Concluding that both Mr. Fussell and the church were negligent, we next consider the defenses of assumption of the risk and contributory negligence. The Court of Appeal, in affirming the trial court, concluded that Mrs. Bass assumed the risk by remaining in the aisle with her eyes closed, and that she was contributorily negligent by remaining after having been alerted that running might occur.

Assumption of the risk and contributory negligence are affirmative defenses, C.C.P. 1005, and as we stated in Langlois v. Allied Chemical Corp., 258 La. 1067, 249 So. 2d 133, 141 (1971):

"The determination of whether a plaintiff has assumed a risk is made by subjective inquiry, whereas contributory negligence is determined objectively under the reasonable man standard. See Restatement (Second), Torts § 496 (1965); Symposium: Assumption of Risk, 22 La.L.Rev. 1-166. . . ."

Knowledge is the mainstay of this assumption of the risk defense, and this court will impute knowledge to a plaintiff, not because he was in a position to make certain observations, but only when the plaintiff actually made those observations and from those observations should reasonably have known that a risk was involved. Prestenbach v. Sentry Insurance Co., 340 So. 2d 1331 (La.1977). Assumption of the risk therefore is properly applicable to those situations where the plaintiff, with knowledge of the peril, voluntarily enters into a relationship with defendant involving danger to himself because of defendant's contemplated conduct.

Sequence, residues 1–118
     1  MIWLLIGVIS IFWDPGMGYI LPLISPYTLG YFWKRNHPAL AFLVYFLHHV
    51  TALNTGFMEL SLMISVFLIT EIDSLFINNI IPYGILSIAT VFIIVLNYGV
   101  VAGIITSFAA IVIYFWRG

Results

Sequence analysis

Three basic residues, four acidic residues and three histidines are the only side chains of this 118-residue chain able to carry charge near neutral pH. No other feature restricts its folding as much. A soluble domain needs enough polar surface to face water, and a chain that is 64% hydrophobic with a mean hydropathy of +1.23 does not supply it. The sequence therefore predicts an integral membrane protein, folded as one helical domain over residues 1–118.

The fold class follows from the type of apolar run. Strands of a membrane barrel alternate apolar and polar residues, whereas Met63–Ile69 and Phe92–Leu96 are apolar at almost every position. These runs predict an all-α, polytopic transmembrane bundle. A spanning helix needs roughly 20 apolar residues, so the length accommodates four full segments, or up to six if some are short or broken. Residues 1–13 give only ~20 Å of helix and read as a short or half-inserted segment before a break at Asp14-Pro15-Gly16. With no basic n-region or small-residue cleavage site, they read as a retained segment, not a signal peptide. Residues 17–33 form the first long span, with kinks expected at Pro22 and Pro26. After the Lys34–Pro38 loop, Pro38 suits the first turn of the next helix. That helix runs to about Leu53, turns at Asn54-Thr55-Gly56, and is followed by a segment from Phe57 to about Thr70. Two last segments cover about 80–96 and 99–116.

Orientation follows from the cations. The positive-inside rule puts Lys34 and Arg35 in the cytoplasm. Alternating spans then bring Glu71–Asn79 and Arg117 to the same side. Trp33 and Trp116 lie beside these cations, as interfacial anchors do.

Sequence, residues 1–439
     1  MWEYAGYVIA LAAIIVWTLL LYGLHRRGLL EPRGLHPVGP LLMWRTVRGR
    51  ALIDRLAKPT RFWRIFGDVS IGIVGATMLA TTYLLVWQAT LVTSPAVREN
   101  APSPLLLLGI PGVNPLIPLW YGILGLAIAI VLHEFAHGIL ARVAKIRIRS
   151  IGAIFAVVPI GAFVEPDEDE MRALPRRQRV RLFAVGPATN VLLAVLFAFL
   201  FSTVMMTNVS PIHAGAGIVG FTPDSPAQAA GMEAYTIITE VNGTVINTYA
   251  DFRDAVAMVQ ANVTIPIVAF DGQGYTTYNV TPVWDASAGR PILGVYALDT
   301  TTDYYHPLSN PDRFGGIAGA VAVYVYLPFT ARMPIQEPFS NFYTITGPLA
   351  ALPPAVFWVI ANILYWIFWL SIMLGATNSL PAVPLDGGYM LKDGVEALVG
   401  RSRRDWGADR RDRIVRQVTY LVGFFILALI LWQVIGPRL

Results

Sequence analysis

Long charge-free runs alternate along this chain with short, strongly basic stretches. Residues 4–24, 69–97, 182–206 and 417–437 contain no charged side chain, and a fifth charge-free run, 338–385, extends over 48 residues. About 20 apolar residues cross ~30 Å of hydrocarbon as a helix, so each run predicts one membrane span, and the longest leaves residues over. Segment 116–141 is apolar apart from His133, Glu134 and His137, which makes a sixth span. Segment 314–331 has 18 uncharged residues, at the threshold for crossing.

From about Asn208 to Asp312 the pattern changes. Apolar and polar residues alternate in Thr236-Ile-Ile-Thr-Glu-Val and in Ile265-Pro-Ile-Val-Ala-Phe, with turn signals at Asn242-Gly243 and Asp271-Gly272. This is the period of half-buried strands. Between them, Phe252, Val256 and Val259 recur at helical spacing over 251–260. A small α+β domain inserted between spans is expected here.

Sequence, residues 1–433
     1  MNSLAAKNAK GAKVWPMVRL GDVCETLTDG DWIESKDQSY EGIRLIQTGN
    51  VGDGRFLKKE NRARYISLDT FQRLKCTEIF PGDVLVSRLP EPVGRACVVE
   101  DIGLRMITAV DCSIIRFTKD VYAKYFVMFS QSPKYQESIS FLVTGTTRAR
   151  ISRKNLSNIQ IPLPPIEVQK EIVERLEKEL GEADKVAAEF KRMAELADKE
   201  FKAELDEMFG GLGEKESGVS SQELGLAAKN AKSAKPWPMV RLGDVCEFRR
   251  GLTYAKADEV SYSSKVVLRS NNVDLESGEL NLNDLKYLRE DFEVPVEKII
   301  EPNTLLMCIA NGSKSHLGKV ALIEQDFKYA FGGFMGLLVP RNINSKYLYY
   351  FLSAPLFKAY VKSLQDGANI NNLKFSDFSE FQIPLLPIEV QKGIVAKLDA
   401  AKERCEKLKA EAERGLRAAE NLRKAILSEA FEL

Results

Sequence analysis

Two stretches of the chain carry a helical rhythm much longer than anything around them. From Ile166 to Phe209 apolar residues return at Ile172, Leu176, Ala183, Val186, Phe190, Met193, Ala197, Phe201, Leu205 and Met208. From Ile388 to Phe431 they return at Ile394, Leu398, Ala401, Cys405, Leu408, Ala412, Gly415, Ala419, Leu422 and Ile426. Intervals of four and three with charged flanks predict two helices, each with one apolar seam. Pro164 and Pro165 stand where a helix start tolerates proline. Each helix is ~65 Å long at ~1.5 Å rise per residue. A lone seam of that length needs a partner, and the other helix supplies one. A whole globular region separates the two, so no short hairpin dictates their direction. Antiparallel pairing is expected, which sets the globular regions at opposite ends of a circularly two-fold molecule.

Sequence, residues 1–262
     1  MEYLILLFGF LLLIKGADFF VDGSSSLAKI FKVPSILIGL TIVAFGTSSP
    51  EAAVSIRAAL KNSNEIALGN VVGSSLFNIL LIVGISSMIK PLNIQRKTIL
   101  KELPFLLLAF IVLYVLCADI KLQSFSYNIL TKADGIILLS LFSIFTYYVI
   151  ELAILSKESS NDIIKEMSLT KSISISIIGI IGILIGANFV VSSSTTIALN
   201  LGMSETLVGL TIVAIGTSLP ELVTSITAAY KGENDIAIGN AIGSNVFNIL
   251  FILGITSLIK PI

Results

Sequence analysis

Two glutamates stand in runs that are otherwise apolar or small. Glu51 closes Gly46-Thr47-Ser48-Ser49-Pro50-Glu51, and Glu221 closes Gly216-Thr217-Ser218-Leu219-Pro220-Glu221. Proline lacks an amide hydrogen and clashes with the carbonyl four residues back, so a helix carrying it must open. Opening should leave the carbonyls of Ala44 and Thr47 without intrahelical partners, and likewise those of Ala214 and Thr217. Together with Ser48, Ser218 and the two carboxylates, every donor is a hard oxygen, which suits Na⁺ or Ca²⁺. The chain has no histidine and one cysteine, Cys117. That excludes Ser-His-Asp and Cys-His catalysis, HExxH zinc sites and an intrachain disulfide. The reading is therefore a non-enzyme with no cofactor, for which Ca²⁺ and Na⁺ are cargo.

We cannot agree with the Court of Appeal's conclusion that Mrs. Bass assumed the risk. Although Mrs. Bass had belonged to the Church of God faith for approximately fifty-five years and the Shepard's Fold Church for approximately twenty-five years, neither she nor any other witness had seen or heard of any injury or collision in any Church of God church. Before the accident, no one, including Mrs. Bass, felt endangered by worshiping in this church. Mrs. Bass unequivocally testified that she *515 had never seen anyone run in the church. The evidence fails to persuade us that Mrs. Bass actually, subjectively[3] comprehended that by praying in the aisle she was incurring a risk of being run over (Guillotte v. Houston General Insurance Co., 368 So. 2d 1026 [La.1979]), or that she could or should have known or understood that she was incurring such a risk as, for example, in Schofield v. The Continental Insurance Co., 330 So. 2d 376 (La.App.1976), where the spectator at a Zulu parade at Mardi Gras was hit by a coconut thrown from a float.